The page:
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Stop And Think Before You DIY

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Stop And Think Before You DIY

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In the midst of the global pandemic, many homeowners are finding the time to upscale and create a new signature look within their homes. Now more than ever individuals are taking the opportunity to tackle house projects that are constantly talked about, but have never been started. While this is an exciting endeavor, it’s imperative that non-professionals set realistic standards and goals. Working on your house might seem like a fun and easy going experience, however, there are many dangers that could be lurking in the foundation of a house.

Leaving Out Lead Paint

There are many projects that vary based on how simple something is to do and the skillset of an individual. For example, repainting a room is a standard project that can be completed by someone with no level of experience. In fact, if you’re looking for a fun way to shake up everyone’s routine, the entire family can participate. Before you get started stripping paint off the walls, consider the year your home was constructed and be mindful that lead paint may have been originally used. Lead is a very toxic material, particularly for children and this is how the first DIY project can quickly go south.

Although lead was banned in the US in 1978, this material still lingers in many homes. The CDC states that roughly 24 million homes have a substantial amount of lead-based paint hazards, with approximately  4 million of these being in a home with young children. In the early 1900s,the use of lead and other metal compounds were beneficial in creating robust colors and a more diverse range of shades. Since then, it has become widespread knowledge about the health hazards of lead paint, and has been phased out in homes.

Taking Down Radon

Another popular home renovation project to tackle is to finish the basement creating more space for living in the home. Many basements often go unused, and can often become a place exclusively for storage and dust to build up. If you’re interested in creating more space to use in the home, the basement might be a great room to start. However, as with other other projects, there are preliminary steps necessary to take before beginning. Testing your basement for radon should be the first thing completed before moving forward with any projects. Radon is an issue that nearly one in every 15 homes in the United States will experience. This gas is odorless, tasteless, and colorless, leaving homeowners vulnerable to prolonged exposure.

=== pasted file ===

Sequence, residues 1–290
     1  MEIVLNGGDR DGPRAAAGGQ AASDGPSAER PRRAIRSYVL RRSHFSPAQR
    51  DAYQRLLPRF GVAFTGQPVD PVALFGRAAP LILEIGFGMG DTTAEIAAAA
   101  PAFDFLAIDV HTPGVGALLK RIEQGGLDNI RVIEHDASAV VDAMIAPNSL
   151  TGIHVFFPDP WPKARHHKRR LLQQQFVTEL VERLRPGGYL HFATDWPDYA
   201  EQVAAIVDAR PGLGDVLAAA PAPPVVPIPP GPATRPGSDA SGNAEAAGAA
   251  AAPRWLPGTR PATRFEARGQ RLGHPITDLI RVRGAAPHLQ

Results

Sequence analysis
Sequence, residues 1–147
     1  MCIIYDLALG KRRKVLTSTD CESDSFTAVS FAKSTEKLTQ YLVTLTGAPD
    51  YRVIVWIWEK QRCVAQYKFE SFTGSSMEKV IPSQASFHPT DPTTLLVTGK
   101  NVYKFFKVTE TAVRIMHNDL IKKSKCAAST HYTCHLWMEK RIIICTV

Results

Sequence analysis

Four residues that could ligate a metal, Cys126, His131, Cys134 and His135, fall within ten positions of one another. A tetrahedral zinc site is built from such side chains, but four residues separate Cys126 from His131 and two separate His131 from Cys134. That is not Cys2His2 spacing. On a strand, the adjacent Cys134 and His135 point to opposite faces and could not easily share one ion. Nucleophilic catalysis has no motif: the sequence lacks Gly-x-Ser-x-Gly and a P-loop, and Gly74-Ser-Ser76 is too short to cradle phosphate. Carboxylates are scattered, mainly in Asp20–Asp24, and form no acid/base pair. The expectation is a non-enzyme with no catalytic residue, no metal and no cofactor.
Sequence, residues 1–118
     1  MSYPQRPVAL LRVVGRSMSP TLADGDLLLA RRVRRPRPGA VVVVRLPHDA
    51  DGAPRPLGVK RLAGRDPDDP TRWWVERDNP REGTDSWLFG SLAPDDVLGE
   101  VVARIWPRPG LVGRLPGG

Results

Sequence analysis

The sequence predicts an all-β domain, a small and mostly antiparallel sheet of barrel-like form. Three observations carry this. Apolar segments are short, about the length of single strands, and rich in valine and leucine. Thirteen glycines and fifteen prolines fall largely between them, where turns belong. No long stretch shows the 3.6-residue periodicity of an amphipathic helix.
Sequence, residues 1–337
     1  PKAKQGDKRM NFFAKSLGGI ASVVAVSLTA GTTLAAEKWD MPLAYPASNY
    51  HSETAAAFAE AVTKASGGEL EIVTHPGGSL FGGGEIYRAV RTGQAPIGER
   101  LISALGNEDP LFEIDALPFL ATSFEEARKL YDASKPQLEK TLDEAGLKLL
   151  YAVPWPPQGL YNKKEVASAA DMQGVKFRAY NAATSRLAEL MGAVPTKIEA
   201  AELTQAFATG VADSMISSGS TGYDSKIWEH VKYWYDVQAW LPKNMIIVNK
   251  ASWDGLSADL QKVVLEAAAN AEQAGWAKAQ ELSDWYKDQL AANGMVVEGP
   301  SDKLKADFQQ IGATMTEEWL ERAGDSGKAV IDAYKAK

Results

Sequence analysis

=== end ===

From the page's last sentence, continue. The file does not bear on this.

Basements are prone to high radon levels due to the natural gas seeping through cracks in the foundations floor. By buying a radon testing kit, homeowners can easily follow the instructions and receive the results of radon gas detection within 2-3 days. If you’re not confident in conducting the test on your own, hiring a professional is always an option as well. Once that basement is clear of toxic gas, your project can soon be kicked off.

Riddening Asbestos from the Property

If your home was built before the 1980s, there is a chance there are asbestos-containing materials (ACMs) somewhere on the property. Many people tend to assume that asbestos is an offshoot ingredient used in cement and bricks, however it’s much more severe than that. This naturally occurring, fibrous material  is microscopic, and was heavily used as a common additive throughout the building of homes and universal household products. The list of where asbestos has been used is endless, however a few common areas to note within the interior and exterior of homes include:

  • Roof tiles
  • Shingles
  • Ceiling tiles
  • Duct/pipe insulation
  • Flooring tiles
  • Furnaces

Asbestos is something to keep top of mind if you’re considering a major renovation or any kind of demolition in the home. If asbestos is in the walls, knocking them down could unknowingly expose the DIY-er and anyone who is in close proximity to the project.

While radon and lead paint are two substances that may be tested without a professional around, it’s never recommended to do the same when dealing with asbestos. In fact, since there is no considered safe level of asbestos, a professional should be called prior to any major reconstruction within the home.

Understanding the Harm

The one thing  these  three toxins have in common is that they all can lead to detrimental effects on your health. Long term exposure to lead paint can cause dizziness, paralysis, high blood pressure, and may even result in death. Radon can cause a persistent cough, chest pain, shortness of breath, coughing up blood and more. If microscopic asbestos fibers are inhaled and ingested, over a period of time time the lining of the lungs become significantly damaged and scarred. This pleural thickening can result in the diagnosis of a number of diseases. Mesothelioma, asbestosis, and lung cancer– just to name a few.

Key Takeaway

Starting big projects around the house can be both daunting and exciting. The best way to begin a project safely is to educate yourself on best practices, what protective equipment to use, and whether or not it’s necessary to hire professionals to ensure the job is done correctly while preserving you and your family’s health.

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